Evaluation of Neuropharmacological Activity and Determination of Chemical Composition of the Essential Oil of Plectranthus Aegyptiacus Fresh Leaf in Mice

Idris Oyemitan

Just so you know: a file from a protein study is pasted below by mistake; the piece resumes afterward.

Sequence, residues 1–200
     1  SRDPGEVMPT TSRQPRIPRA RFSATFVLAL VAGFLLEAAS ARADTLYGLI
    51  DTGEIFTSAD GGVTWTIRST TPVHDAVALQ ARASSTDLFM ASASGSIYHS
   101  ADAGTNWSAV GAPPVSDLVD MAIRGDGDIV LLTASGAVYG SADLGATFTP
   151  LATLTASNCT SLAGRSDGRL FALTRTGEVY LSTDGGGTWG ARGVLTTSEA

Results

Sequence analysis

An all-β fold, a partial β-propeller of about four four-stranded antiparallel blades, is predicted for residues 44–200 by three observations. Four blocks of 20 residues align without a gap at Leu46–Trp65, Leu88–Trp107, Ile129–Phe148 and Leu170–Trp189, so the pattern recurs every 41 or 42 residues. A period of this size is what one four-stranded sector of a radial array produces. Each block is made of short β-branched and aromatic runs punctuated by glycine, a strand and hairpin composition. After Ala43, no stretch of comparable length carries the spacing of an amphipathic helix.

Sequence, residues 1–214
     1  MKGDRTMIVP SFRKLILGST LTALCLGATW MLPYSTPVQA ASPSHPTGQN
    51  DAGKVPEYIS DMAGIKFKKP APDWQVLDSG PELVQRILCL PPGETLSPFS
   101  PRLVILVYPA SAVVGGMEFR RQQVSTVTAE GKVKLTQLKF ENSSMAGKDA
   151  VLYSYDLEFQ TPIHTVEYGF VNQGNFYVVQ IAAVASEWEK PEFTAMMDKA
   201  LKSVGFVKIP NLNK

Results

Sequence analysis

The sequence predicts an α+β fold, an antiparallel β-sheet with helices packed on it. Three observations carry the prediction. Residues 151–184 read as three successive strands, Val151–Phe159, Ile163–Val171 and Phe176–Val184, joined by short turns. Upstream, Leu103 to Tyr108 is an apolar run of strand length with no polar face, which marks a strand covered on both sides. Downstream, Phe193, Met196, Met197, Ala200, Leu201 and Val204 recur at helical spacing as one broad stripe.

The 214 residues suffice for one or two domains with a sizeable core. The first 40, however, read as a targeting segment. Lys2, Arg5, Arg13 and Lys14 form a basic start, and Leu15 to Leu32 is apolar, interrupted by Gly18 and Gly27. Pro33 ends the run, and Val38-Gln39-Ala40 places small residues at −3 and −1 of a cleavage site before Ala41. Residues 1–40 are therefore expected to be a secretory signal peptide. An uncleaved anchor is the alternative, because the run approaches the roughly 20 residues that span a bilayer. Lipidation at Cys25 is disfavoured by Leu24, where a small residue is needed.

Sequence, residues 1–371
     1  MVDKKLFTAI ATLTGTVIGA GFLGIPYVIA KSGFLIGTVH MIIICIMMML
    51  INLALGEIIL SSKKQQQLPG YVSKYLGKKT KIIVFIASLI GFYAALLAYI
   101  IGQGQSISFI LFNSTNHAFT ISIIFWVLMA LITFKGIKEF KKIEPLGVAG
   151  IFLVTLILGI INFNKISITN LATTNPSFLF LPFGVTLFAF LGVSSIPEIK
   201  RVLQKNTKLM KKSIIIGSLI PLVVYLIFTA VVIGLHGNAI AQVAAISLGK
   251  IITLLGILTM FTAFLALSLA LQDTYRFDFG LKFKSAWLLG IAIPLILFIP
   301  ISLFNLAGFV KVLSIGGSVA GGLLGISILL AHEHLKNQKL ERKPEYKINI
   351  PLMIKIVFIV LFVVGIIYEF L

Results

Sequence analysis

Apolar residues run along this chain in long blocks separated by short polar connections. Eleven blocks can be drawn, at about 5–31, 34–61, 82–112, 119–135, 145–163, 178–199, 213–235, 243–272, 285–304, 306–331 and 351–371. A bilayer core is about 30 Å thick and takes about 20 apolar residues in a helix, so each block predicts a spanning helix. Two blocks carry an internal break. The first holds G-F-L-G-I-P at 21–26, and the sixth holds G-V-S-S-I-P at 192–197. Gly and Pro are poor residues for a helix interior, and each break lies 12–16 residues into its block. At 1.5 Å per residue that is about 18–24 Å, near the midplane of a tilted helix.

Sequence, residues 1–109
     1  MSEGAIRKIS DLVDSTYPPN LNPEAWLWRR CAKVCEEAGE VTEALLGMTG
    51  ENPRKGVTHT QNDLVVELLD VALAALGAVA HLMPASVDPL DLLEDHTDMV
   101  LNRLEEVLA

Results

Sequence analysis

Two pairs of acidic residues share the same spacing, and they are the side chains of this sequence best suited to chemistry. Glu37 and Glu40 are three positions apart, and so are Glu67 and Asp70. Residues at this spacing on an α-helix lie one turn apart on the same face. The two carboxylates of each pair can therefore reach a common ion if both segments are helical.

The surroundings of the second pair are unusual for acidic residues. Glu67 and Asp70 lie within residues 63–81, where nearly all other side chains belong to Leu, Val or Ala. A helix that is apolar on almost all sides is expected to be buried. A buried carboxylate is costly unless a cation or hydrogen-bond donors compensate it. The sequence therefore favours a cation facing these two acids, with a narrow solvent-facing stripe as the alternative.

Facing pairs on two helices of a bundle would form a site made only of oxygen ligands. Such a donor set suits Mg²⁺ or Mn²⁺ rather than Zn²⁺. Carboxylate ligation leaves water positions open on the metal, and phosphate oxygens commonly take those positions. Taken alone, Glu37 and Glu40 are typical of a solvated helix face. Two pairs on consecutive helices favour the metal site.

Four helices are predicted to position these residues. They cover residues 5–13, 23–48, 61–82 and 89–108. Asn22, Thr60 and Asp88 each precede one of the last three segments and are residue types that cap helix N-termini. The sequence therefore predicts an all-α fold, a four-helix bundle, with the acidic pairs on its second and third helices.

Background: Plectranthus   aegyptiacus is an ethnomedicinal plant found in South-west Nigeria where it is used to manage fever, sensory diseases and cough among other ailments. The objective of this study was to evaluate the neuropharmacological activities of the essential oil of P. aegyptiacus fresh leaf in mice in addition to determine the oil’s chemical composition. Method: Essential oil of P. aegyptiacus (EOPA) was extracted from fresh leaves of the plant by hydro-distillation and analyzed to determine its chemical composition.  The LD50 of the oil was determined orally and intraperitoneally.  The EOPA (50-200 mg/kg, i.p., n=6) was tested for novelty-induced behavioural (NIBs), anxiolytic, sedative, anticonvulsant and analgesic activities using standard protocols. The probable mechanism(s) of the effect of the EOPA on the various neural pathways were studied using various antagonists. Results obtained for the oil were statistically analyzed and compared to negative and positive controls. Results: The  LD50  values  obtained for  the  EOPA were  2154  and 490  mg/kg  for  the  oral  and intraperitoneal routes respectively. The EOPA significantly (p<0.05–0.01) inhibited   all   behavioural   display, significantly (p<0.05-0.01) increased the time spent on the open arms of the elevated plus maze, blocked the hind limb tonic extension on the maximal electric shock and protected the mice against   PTZ–induced mortality, significantly (p<0.05-0.001) shortened sleep latency and prolonged total sleeping time induced by ketamine (100 mg/kg), significantly (p<0.05)) reduced writhings caused by acetic acid (1% v/v) and significantly (p<0.05) increased the reaction time on the hot plate. Flumazenil (2 mg/kg) significantly (p<0.05) reversed the effect of the oil on NIBs; atropine, naloxone and cyproheptadine significantly (p<0.01-0.001) potentiated the inhibitory effect of the oil,   while   yohimbine did   not alter the effect of the oil   on   NIBs.   Major compounds identified in the oil were antioxine, germacrene-D and p-cimene. Conclusion: The major effect of the oil was depression of the CNS and it demonstrated significant anxiolytic, sedative, anticonvulsant and analgesic activities in mice.  The mechanism   of   action   of   the   oil is suggested   to   be   mainly   augmentation   of GABAergic   neurotransmission. Furthermore, this research inferentially validated the pharmacological basis for the folkloric use of the plant   Keywords: Plectranthus aegyptiacus, chemical composition, central nervous system activities, antioxine                      

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